Four faculty members in the Department of Neuroscience at Washington University School of Medicine in St. Louis have been awarded their first R01 grants through the National Institutes of Health. This funding will support research critical to understanding the cellular and molecular processes occurring during neurodevelopment and in contexts such as dementia and other cognitive disorders.
R01: Dissect the mechanisms of selective regional vulnerability in Lewy body dementias via comparative snRNA-seq analysis
Guoyan Zhao, assistant professor in the department, was awarded her first R01 grant from the National Institute of Neurological Disorders and Stroke (NINDS) to study Lewy body diseases (LBDs). LBDs, including Parkinson’s disease (PD), Parkinson’s disease dementia (PDD) and dementia with Lewy bodies (DLB), share a common spectrum of disease pathology with distinctive Lewy body deposition patterns that correlate with neuronal losses and clinical manifestations unique to each disease. Zhao’s proposal will dissect the molecular mechanisms of selective neuronal and regional vulnerability in LBDs via novel genomics technologies and bioinformatics tools.
“I was thrilled that our proposal received an Impact Score of 29 and got funded at the first submission!” says Zhao. This five-year award of a total value of $3.5 million will provide molecular biomarkers and tools for neuron cell-type–specific protection and targeted astrocyte/microglia subpopulation isolation and manipulation as well as molecular biomarkers for distinguishing PD, PDD and DLB.
Zhao also received a two-year R03 award (total cost of $300,000) earlier this year to define molecular events driving selective neuronal death in multiple neurodegenerative diseases by snRNA-seq.
R01: Role of astrocyte-based cholinergic neuromodulation in cognition and in the treatment of cognitive disorders
Thomas Papouin, who joined the department as an assistant professor in 2018, was awarded his first R01 grant from the National Institute of Mental Health (NIMH) to elucidate the molecular mechanisms of astrocyte-based neuromodulation and the causal role of this form of signaling in cognitive functions and in the behavioral effects of cognitive enhancers.
“I was shocked when I found out that the proposal scored 6th percentile on first submission! ‘This must be a mistake,’ I thought,” recalls Papouin, whose lab aims to establish new benchmarks for considering astrocyte biology in the treatment of cognitive disabilities and mental disorders. “This means our peers are excited about what we do, and I can’t think of a better validation for our lab.”
The goal of this five-year award, of a total value of $2.0 million, is three-fold:
- identify new operating principles that govern input-output fidelity in astrocytes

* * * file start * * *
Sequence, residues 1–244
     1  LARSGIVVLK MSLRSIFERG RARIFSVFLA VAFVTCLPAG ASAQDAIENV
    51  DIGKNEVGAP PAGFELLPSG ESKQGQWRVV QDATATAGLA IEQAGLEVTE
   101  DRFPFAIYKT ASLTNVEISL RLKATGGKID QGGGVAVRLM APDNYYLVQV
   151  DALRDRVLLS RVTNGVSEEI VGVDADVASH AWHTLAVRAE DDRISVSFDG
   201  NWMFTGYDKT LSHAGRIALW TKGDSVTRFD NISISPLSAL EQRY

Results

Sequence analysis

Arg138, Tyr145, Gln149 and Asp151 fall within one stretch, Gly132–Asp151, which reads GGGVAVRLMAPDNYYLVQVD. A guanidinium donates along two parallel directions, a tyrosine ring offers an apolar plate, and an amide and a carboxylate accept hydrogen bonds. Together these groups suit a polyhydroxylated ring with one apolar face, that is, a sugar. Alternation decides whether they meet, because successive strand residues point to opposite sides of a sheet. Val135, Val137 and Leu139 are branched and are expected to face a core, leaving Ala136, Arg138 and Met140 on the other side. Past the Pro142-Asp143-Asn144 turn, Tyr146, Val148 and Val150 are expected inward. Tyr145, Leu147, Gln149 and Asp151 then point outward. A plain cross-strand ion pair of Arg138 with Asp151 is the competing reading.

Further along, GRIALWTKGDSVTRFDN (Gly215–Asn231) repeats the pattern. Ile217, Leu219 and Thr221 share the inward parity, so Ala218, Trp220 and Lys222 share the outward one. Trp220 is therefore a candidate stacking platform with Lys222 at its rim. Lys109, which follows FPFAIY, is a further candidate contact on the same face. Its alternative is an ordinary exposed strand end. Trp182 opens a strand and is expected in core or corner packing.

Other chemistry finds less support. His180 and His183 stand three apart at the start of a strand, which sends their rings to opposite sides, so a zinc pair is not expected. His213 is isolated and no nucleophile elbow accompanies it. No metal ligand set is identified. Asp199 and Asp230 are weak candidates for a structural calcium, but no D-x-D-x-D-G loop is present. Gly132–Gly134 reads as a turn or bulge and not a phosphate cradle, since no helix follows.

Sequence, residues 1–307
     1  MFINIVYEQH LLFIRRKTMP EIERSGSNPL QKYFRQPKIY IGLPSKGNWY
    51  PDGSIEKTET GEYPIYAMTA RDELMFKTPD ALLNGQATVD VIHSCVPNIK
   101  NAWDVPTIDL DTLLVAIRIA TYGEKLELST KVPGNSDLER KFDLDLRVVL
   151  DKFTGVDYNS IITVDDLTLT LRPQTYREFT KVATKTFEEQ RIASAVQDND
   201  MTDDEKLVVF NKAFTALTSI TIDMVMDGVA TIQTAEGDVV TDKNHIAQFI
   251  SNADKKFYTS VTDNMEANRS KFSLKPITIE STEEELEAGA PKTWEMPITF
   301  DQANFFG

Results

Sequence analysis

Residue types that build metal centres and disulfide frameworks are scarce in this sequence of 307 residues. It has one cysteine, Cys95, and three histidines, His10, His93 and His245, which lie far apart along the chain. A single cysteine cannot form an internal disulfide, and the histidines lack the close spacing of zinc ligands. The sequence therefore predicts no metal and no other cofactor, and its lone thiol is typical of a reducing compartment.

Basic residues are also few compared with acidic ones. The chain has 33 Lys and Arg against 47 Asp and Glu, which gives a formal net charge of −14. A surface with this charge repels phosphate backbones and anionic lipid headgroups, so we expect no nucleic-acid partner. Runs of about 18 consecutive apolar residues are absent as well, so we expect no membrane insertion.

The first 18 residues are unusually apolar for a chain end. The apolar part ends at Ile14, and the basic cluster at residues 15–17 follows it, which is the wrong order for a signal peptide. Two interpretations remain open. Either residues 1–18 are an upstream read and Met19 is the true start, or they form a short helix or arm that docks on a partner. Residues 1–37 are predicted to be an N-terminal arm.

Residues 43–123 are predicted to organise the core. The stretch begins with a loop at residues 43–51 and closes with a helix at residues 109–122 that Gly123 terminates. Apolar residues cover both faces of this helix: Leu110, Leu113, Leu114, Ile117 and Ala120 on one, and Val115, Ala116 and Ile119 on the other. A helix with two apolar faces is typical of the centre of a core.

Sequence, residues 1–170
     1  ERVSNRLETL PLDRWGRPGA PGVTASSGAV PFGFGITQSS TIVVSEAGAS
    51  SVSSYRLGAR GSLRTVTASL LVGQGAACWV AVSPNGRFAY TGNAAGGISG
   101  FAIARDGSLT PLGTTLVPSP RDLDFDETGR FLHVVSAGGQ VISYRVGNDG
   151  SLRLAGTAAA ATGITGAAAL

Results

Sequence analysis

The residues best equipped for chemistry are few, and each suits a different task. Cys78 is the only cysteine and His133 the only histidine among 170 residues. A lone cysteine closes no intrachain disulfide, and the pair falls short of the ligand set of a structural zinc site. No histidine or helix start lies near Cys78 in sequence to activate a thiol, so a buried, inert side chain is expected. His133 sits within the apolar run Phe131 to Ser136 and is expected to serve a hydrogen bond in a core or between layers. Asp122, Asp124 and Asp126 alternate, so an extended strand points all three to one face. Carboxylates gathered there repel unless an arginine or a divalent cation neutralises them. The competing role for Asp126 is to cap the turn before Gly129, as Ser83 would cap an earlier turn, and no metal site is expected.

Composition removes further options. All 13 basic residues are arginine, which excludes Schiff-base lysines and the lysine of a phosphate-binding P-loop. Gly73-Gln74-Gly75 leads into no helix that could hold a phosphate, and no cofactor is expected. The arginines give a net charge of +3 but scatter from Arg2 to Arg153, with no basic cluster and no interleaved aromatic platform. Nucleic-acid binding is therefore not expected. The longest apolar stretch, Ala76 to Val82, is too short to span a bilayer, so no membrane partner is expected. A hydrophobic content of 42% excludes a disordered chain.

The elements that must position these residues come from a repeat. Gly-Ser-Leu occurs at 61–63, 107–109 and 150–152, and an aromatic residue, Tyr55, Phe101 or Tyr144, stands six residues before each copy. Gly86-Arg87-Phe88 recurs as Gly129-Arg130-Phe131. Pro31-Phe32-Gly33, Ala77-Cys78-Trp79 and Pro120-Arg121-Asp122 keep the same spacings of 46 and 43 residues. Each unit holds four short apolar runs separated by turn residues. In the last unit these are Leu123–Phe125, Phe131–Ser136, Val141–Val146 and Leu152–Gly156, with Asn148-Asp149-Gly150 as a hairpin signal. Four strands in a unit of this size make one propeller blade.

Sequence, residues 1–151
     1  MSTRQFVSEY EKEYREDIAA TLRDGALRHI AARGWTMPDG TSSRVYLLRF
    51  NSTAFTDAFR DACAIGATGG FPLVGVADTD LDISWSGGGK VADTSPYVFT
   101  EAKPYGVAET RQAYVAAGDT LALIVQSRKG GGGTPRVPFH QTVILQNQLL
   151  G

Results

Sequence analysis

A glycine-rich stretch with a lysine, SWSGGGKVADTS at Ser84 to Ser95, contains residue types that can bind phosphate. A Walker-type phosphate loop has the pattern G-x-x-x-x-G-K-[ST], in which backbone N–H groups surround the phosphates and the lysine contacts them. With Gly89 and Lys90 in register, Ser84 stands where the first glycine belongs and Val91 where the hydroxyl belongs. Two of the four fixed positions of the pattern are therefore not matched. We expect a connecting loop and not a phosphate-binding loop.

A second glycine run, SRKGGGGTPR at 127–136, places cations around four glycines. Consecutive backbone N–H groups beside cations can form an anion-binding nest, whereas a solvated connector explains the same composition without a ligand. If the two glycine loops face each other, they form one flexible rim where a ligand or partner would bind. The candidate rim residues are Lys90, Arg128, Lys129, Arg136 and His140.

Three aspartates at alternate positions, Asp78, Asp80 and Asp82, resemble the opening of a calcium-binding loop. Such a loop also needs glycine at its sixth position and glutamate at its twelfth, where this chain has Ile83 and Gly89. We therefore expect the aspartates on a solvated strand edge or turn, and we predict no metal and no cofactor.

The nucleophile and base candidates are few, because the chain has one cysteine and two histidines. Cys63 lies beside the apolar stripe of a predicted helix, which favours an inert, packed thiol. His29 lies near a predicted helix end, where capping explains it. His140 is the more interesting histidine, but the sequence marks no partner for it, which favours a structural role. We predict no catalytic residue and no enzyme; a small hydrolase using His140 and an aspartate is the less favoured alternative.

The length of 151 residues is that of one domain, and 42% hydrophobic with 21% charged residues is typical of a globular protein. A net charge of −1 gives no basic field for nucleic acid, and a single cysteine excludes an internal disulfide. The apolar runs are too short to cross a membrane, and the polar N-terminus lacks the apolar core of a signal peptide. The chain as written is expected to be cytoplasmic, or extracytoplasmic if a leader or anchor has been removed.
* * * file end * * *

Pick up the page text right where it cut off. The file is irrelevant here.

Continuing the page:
- define a tractable relationship between astrocyte signaling and cognitive behavior
- understand the role of astrocytes in the pro-cognitive effect of clinically tested schizophrenia therapeutics
Papouin was also awarded a $460,000 award by the Department of Defense earlier this year, as part of a two-year, $2.5 million Multidisciplinary University Research Initiatives project led by ShiNung Ching, an associate professor in the Electrical & Systems Engineering Department, involving six investigators across three departments and two universities. The project will study and implement multiscale neuroglia dynamics for robust non-Markovian learning and decision making.
R01: Spatial, temporal and context-dependent features of GPCR-mediated protein kinase A activity
Yao Chen, an assistant professor who was recruited to the department in 2018, was awarded her first R01 grant from the National Institute of Neurological Disorders and Stroke (NINDS) to study the spatial, temporal and context-dependent features of neuromodulator-based intracellular signaling. Neuromodulator systems, which have transformative effects on animal behavior, are the target of most drugs for psychiatric disorders, neurodegenerative diseases and almost all drugs of abuse. However, very little is known about how neuromodulators function in normal physiology and in diseases.
“During neuromodulator signaling, as in a ballet performance, location, timing and interactions among the players are everything,” explains Chen. “And in order to watch the molecular ballet unfold, we have developed novel biosensors and built advanced optical systems.” This five-year award, totaling $2.0 million, will leverage these technological advances to uncover where and when neuromodulators induce signals inside cells, and how these spatial and temporal features alter cellular physiology. This could uncover new cellular mechanisms underlying neuromodulator function and help design better therapies for psychiatric and neurological disorders.
R01: Understanding the mechanisms of UBE3A regulation in neuronal development
Jason Yi, an assistant professor in the department since 2017, was awarded his first R01 grant from the National Institute of Mental Health (NIMH) to study the mechanisms of UBE3A regulation in neuronal development. UBE3A is a gene that is linked to numerous diseases, including two devastating neurodevelopmental disorders: Angelman syndrome and Dup15q syndrome.
“Scientifically, the really interesting thing about these disorders is that a loss of UBE3A activity causes Angelman syndrome, whereas excessive UBE3A activity appears to play a critical role in Dup15q syndrome.”
This five-year award, totaling $2.0 million, will leverage gene variants in UBE3A to:
- identify mechanisms by which UBE3A activity is controlled in cells
- utilize model systems to assess the impact of specific UBE3A hyperactivity on neuronal biology and organism behavior
- test whether therapeutic intervention is possible to control excessive UBE3A activity